Godfrey Memorial Conservation Area

White Mountains from the Godfrey land

It’s been our privilege to get to know Daphne Godfrey and work with her to conserve her beloved fields and forests in Lyman. We were very pleased to be introduced to Daphne through the Society for the Protection of New Hampshire Forests, who referred Daphne to us. One of her neighbors had conserved her land, and Daphne wanted to do the same.

Daphne proudly notes that she was born on the 45th Parallel, in Clarksville. She attributes her land ethic and love of wildlife with her father, Harry Hurlbert, a famed North Country game warden and guide. To be a good steward and caretaker of the land was “what you were supposed to do,” she says. “Conservation was always in our mind with Dad.”

Four generations of Godfreys,

Daphne and her late husband, George, bought the 160-acre former dairy farm in the 1960s. “We were gone 25 years after World War II, and I missed my mountains when we worked in Ohio,” Godfrey explains. She and George met at UNH, when she was studying to become a teacher and he was getting his doctorate in poultry genetics. They moved to the Midwest for his work, and always longed to get back to New Hampshire.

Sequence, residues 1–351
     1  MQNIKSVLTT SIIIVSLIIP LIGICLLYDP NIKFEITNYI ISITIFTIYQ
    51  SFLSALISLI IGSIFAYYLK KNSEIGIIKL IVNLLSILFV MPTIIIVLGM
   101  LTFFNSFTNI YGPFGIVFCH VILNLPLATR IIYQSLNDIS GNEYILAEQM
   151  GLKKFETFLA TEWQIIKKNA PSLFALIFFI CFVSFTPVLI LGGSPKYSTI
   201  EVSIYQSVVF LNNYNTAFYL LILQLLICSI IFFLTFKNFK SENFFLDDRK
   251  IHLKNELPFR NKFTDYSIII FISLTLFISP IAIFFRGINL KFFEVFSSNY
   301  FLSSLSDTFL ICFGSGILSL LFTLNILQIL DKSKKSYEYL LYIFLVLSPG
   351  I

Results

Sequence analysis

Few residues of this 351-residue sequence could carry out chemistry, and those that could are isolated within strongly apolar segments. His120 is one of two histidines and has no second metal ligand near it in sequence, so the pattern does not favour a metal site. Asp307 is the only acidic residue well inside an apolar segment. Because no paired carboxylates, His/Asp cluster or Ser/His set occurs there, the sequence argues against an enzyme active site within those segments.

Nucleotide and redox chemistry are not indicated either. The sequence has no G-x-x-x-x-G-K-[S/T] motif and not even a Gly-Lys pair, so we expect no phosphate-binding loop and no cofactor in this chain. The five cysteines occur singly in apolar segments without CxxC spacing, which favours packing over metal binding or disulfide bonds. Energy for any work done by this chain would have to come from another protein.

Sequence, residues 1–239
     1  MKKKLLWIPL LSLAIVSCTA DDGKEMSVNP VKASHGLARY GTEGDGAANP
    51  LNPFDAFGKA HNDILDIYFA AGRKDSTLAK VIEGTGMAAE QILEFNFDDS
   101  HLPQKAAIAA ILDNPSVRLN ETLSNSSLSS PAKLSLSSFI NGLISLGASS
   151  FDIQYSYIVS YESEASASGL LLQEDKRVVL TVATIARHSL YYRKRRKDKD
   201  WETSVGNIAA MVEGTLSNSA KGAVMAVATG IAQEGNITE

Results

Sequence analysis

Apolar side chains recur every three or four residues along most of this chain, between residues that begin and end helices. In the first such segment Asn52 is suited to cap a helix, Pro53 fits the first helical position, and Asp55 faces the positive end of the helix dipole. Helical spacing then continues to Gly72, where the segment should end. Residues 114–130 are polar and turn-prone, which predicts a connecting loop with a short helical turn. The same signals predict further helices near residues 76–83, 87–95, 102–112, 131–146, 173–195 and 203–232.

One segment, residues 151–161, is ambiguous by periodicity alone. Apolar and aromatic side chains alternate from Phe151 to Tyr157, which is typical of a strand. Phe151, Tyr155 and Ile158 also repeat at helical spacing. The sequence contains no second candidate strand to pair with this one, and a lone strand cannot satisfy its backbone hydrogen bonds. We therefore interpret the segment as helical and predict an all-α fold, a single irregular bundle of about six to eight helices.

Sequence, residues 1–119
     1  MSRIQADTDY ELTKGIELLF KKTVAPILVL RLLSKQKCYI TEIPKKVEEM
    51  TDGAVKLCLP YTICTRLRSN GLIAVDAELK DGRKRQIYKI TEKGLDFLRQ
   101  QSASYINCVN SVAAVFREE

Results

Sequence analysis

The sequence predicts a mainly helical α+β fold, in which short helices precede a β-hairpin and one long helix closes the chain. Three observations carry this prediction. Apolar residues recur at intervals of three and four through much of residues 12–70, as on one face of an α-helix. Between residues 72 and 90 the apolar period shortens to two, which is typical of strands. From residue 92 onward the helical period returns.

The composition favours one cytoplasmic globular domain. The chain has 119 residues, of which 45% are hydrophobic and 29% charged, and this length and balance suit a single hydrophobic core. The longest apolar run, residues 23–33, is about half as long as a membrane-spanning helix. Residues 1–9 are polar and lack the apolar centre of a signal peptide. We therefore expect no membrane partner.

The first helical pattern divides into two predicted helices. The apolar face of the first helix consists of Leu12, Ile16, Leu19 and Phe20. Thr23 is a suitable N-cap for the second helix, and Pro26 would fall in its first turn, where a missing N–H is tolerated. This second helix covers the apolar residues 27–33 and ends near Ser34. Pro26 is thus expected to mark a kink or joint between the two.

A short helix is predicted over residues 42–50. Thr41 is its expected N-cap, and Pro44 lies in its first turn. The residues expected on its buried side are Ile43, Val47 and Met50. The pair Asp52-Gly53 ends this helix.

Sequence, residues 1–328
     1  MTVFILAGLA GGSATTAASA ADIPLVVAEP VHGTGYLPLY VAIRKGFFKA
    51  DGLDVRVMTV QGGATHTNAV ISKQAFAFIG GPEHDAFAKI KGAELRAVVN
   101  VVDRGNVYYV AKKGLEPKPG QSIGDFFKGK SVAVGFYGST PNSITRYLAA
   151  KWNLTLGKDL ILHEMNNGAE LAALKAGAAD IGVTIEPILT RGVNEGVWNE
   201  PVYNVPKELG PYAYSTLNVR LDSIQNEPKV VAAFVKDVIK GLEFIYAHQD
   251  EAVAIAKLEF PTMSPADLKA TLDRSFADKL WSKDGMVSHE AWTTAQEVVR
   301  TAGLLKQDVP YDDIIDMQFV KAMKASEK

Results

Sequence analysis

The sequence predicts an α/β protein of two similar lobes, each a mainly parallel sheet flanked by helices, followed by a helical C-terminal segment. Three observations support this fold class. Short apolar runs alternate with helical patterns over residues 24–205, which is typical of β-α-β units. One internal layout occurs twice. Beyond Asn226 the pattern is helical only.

They found the perfect spot: a hill farm in Lyman with stunning views of the White Mountains, open fields, a surrounding woodlot, and plenty of wildlife. There was even a goldmine. The former Dodge Mine was one of the most active in the 19th century heyday of the Ammonoosuc Gold District. Today the forest has reclaimed the area, making it tricky to find. But a century ago, it was crawling with activity.

Four generations of Godfreys now enjoy the farm. Daphne was careful in planning her conservation agreement with ACT to provide for a site on which her daughters or grandchildren may build their own house. This summer, she anticipates that her grandson Scott, who lives in New Mexico, will visit with his family, and that they will learn about caring for the forest through a careful timber harvest.

In addition, the Godfrey Memorial Conservation Area provides critical habitat for bats, which hibernate in caves not far from the property. Along with the Gardner Mountain easement, and the Pettyboro Farm Conservation Area, over 1,500 acres in Lyman are now permanently protected with ACT and provide key wildlife habitat, working forest land, and  future productive agricultural land.



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